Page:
Here's a story that might exacerbate your potentially diminishing faith in humanity. At the very least you might be disgusted at how people simply don't take responsibility for their actions these days. A woman named Ilana Imber-Gluck is suing Google because her son racked up a "whopping" [sarcasm] $65.95 of in-app purchases with the game Marvel Run Jump Smash. She is suing Google in a northern California court on behalf of herself and "all others similarly situated."

Her main point of contention is that there is a 30-minute window after downloading an app, in which the user - regardless of who that user might be - can activate in-app purchases without a password. Obviously, because the Google Play Store keeps your credit card on file, this "window of opportunity" allows the children of parents to potentially grab their device and rack up a huge bill before the parent has a chance to stop it. The problem comes because some games are free apps (which don't need a password), yet Google's account setup registers this as a "purchase" which attaches the ability to use the stored credit card info for in-app purchases without any password restriction.

Of course, the real wrinkle here is that this 30-minute window will exist only if the password check was previously disabled by the user, which had to have been done by the mom. Here's a quote with a few more details,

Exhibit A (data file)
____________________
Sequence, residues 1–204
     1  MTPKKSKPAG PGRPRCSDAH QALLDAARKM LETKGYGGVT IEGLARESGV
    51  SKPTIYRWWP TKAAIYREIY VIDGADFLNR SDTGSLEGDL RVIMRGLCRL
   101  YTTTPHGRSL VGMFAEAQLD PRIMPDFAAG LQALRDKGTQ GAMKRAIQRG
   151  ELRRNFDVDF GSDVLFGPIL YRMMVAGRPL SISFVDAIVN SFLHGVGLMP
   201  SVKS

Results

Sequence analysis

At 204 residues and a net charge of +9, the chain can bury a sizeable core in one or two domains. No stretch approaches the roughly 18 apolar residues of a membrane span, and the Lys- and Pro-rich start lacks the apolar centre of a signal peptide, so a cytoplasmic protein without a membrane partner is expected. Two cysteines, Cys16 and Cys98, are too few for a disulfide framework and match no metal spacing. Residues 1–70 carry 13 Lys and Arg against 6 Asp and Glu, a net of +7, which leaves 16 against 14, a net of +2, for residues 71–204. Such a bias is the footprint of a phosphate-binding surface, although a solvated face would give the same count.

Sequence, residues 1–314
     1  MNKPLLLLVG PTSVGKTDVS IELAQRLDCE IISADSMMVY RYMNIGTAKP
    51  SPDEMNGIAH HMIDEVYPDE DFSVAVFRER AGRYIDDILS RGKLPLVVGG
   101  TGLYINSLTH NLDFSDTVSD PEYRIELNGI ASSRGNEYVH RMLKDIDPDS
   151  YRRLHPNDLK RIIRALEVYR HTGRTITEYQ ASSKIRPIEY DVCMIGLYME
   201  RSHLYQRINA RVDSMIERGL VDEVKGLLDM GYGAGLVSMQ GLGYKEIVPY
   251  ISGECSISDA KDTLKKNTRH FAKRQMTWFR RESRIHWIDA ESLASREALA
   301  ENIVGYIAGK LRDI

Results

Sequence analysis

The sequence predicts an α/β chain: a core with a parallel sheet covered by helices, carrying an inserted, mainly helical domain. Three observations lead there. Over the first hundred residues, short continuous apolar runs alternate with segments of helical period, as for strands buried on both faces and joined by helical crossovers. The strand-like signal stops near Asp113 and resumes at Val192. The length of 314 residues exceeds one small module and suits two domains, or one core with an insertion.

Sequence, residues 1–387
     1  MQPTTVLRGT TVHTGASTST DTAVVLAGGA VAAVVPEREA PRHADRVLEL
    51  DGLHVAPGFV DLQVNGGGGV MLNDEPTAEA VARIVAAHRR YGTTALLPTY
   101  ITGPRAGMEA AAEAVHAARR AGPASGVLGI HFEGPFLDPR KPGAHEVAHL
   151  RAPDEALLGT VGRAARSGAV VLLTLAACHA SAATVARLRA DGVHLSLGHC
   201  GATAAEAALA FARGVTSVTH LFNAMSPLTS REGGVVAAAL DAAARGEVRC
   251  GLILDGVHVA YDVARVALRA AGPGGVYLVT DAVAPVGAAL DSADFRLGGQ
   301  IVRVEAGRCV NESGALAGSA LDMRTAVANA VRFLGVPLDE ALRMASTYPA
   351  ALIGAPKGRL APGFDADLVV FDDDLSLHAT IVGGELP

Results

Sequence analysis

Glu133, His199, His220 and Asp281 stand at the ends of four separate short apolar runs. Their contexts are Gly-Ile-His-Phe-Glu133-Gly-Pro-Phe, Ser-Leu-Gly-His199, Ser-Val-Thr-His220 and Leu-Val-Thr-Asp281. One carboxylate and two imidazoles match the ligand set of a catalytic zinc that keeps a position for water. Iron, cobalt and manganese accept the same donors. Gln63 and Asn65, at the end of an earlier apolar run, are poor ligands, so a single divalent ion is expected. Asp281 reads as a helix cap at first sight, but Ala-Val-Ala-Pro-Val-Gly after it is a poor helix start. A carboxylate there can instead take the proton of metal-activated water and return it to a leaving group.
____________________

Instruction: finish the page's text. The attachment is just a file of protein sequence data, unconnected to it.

At the moment the 30-minute window can be avoided by going into the Settings menu of the Google Play Store and checking the option to "use password to restrict purchases." That will force the user to input their password, even for in-app purchases on a newly-downloaded game. In fact, this is the default behavior for Google Play - Imber-Gluck must have disabled it herself through the menu or one of the in-app purchase popup dialogs in order to open up the 30-minute window.

The core question of the suit may come down to whether or not this option is made clear to parents, and how much responsibility they have to understand the systems they and their children are using versus how much responsibility Google has to protect its users from possibly unwanted purchases. Developers should keep a close eye on this one, since forcing a password check for each and every purchase could alter the dynamics of Play Store and in-app purchases.
As you can see, the password situation could probably use some tweaking by Google, but the issue is a relatively minor one. Furthermore, users themselves should probably pay more attention to what options they choose for their apps to balance personal convenience and security. In this instance, it seems that Imber-Gluck is using the court system to address a grievance which could have been handled in other ways. It also seems she is avoiding taking responsibility for her own action (or inaction).

BTW... here's a link to the Google Play Store to check out the game for those interested: Google Play Store - Marvel Run Jump Smash

originally written by dgstorm

Source: AndroidPolice